Two South Korean historical records are to be granted “Memory of the World” status by UNESCO.
Documents on the pro-democracy uprising in Gwangju on May 18, 1980, and Ilseongrok, a diary-style chronicle of late Joseon Dynasty’s kings’ daily lives, will be listed on the Memory of the World Register, according to the Cultural Heritage Administration and the Korean National Commission for UNESCO on Tuesday.
A photo included among documents related to the pro-democracy uprising in Gwangju on May 18, 1980. (Yonhap News)
“UNESCO’s International Advisory Committee held a meeting on Monday (local time) in Manchester, U.K., and discussed the registration of the documents. UNESCO did not make an official statement yet but the listing is likely,” said officials from the two bodies.
The documents related to the pro-democracy uprising in Gwangju include 4,271 volumes of government and police documents, court records, statements from civic organizations, news articles and over 3,000 photos and films. It is the first time that historical recordings from Korea’s modern era will be included on UNESCO’s list.
Ilseongrok, a diary-style chronicle of the daily lives of kings of the late Joseon Dynasty. (Yonhap News)
“The registration of the documents means that its (Gwangju prodemocracy uprising) influence on other countries’ pro-democracy movements and its importance in world history have been recognized,” said Park Ha-young, an official at the Korean National Commission for UNESCO.
Ilseongrok contains records of Joseon kings’ lives from 1760 to 1910. It was first conceived by King Jeongjo, the 22nd king of Joseon, in 1760 as a private journal but was later expanded into records of state and national affairs. All 2,329 volumes of Ilsungrok remain in good condition and are housed in Kyujanggak Institute For Korean Studies at Seoul National University.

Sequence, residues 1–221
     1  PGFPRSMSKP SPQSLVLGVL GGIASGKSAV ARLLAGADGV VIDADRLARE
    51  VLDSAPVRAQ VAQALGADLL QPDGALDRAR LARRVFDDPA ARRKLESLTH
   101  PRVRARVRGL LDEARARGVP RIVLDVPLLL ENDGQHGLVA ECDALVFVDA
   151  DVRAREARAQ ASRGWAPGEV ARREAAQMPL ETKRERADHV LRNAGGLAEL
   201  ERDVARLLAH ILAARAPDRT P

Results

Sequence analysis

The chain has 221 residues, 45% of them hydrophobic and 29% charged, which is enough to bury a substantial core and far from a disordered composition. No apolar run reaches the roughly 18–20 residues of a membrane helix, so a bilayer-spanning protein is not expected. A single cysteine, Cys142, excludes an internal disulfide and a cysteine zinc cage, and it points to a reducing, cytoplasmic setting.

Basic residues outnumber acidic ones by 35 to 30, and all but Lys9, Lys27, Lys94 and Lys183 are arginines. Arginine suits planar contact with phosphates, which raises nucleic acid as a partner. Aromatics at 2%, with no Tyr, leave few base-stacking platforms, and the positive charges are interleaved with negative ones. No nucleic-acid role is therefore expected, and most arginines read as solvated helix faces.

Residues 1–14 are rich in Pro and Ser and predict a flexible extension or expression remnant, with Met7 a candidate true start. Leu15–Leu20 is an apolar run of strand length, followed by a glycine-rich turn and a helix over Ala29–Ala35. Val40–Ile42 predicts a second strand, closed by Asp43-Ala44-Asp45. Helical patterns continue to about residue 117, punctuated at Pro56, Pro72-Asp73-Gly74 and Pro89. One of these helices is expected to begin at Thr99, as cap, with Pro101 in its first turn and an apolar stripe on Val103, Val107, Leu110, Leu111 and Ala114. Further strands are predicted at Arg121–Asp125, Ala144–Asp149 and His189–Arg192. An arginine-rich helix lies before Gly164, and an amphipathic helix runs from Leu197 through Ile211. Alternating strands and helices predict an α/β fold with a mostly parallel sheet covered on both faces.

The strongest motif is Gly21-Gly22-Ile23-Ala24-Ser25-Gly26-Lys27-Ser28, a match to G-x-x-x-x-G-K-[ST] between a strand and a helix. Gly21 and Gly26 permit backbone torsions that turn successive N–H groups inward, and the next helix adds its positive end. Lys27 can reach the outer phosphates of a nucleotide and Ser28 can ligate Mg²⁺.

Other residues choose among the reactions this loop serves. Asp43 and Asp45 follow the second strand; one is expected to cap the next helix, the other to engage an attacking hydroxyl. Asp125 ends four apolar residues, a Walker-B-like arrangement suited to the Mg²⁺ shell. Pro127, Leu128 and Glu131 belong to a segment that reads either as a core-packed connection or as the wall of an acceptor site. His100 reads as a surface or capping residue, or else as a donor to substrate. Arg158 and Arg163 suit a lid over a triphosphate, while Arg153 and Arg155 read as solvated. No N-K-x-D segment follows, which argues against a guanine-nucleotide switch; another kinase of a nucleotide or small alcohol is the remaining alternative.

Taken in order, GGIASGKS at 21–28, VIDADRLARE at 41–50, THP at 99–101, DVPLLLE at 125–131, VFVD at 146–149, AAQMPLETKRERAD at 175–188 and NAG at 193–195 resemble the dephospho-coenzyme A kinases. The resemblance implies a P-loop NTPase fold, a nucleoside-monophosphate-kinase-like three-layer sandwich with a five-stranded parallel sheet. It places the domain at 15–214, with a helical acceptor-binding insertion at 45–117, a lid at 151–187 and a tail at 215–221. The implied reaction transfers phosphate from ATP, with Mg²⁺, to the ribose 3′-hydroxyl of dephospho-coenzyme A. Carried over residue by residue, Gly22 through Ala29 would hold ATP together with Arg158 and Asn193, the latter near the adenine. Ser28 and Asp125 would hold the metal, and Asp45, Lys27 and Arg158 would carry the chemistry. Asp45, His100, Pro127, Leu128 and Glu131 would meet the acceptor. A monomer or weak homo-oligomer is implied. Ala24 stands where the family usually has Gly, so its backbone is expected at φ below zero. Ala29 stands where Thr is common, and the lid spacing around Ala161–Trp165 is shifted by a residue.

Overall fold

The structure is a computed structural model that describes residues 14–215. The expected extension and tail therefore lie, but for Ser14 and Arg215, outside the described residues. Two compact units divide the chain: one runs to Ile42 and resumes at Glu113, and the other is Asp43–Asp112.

The Cultural Heritage Administration said that UNESCO recognized the international value of Ilseongrok as it records not only the history of the late Joseon Dynasty but also details of the 20th century cultural and political exchanges between Asia and the Western world.
When UNESCO makes the final decision, Korea will hold nine Memory of the World Registers, including the original manuscript of the Korean writing system, “Hunminjeongeum,” and “Joseonwangjosilok,” or the Annals of the Joseon Dynasty.
UNESCO’ s “Memory of the World” program was established in 1992 to protect the world’s valuable documents and records and widen public access to them through the Internet. A total of 193 documents from 83 countries are included on the list as of April.
By Park Min-young (firstname.lastname@example.org